'Machali' - the world's most famous and photographed wild tiger
Machali was born during the Spring of 1997. Originally she was known as the Jhalara tigress named after the area of the park that she frequented. Subsequently a BBC documentary film named her Machali after the name previously given to her mother. The name Machali in Hindi is translated into the word 'fish' and was given to her mother as she had a mark on her right cheek resembling the outline of a fish. The Machali that we know today has a mark on her left cheek that resembles the outline of a table fork! Towards the end of 1998 Machali and her two sisters had disbursed from their mother's home range although Machali had carved out a small area of her mother's territory. As time passed by she gradually increased the size of her home range which encompassed the area of Ranthambhore's famous three lakes plus a large section of the Mandoop plateau and Lakarda. Before long she enjoyed the largest prime home range in the park.
In the year 2000 she mated with the park's largest and most dominant male tiger known as Bamba Ram and towards the end of the summer she gave birth to a litter of two male cubs called Slant Ear and Broken Tail. During 2001 both young males separated from their mother; Slant Ear was never seen again and Broken Tail survived until the summer of 2003 when sadly he was hit and killed by a passenger train almost 100 miles away from the park.
During 2003 after her previous two cubs had disbursed Machali mated with another male tiger known as Nick Ear and during the summer months gave birth to three cubs of which only two survived - a male known as Jhumaroo and a female, Jhumaree; I remember seeing them on one of my first visits to the park. A severe drought hit Ranthambhore in 2004 and 2005 while the two youngsters were maturing. Machali and her male offspring, Jhumaroo, spent much time around the lakes hunting and feeding on the Mugger crocodiles that struggled to survive with the shallow water levels in the lakes. This interaction with the crocodiles caused Machali to lose two of her four canine teeth. Also during 2005, Machali, pushed both her sub-adult cubs out of her home range, Jhumaree to the edge of her home range and the male to an area known as Lahpur where as far as I am aware he remains today.
In the Spring of 2005 Machali gave birth to her third litter - one male and one female cub. The father was thought to be a very elusive tiger known as T2 or the X male. As the cubs became of age the male remained in the park while the young female was relocated to Sariska in an effort to repopulate the reserve that had tragically lost all its tiger population to poachers.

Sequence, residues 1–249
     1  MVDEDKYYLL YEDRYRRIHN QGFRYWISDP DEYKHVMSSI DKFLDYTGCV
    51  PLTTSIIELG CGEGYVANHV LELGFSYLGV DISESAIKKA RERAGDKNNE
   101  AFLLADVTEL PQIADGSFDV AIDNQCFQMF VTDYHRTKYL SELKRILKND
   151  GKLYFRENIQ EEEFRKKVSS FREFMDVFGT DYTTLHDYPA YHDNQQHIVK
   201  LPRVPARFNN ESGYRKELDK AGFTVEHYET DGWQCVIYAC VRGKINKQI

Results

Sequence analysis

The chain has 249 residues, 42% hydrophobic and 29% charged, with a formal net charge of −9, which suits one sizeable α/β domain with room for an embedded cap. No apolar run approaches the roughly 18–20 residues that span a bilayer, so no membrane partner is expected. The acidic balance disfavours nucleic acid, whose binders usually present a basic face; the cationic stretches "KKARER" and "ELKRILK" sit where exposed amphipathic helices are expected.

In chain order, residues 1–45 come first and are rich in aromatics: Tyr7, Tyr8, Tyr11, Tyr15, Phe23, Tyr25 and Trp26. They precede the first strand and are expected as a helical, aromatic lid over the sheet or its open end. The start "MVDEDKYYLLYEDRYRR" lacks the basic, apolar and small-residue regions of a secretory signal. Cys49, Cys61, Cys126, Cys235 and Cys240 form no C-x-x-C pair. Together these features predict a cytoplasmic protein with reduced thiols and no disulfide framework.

During the monsoon of 2006 Machali gave birth to three female cubs named T17, T18 and T19 and as far as I am aware these cubs were again sired by the X male tiger. On a number of occasions at this time I watched Machali allow the male cub from her previous litter to sit with the new cubs but she would not permit the female from her last litter to go anywhere near her 'babies'! The youngsters remained with their mother for about 2 years and then in 2008 they started to disburse with T17 and T19 taking over the bulk of their mother's home range while Machali was left with a small area in Lakarda. T18 was soon to be relocated to Sariska in an effort to boost tiger numbers in the park.
Since 2008 Machali has survived at Lakarda Valley which contains an abundance of prey and some permanent water holes. Now at 17 years old, I wait to see if this magnificent tigress has survived the monsoon. Hopefully she will again be seen and enjoyed by the many thousands of tourists when the park reopens at the beginning of October. The photographs below are in chronological order; the last three were taken in May 2014 and I sincerely hope that I will be able to take more images of this wonderful old tigress when I return to Ranthambhore this October.
Now 19 years of age I personally have not had the privilege of seeing Machali since 2014-however I understand from local people that she was keeping well and although now with only one eye continues to live her life in the forests that she has known for the past 19 years.
With great sadness I learnt this morning that just a few hours ago Machali passed quietly away. She was an icon of her time and her spirit lives on in the many tigers that today populate Ranthambhore. Also at Sariska tiger reserve where one of her last litter was relocated a few years ago and now has cubs of her own. As can be seen from the last two photographs below she was held in high esteem by the local Forest department staff who ensured that she had a cremation fit for a queen, which indeed she was as 'Queen of Ranthambhore'. She will always be remembered in the hearts and minds of thousands of people from all over the world who came to Ranthambhore in an effort to see and photograph this magnificent tigress.
18th August 2016
© Hemraj Meena
© Hemraj Meena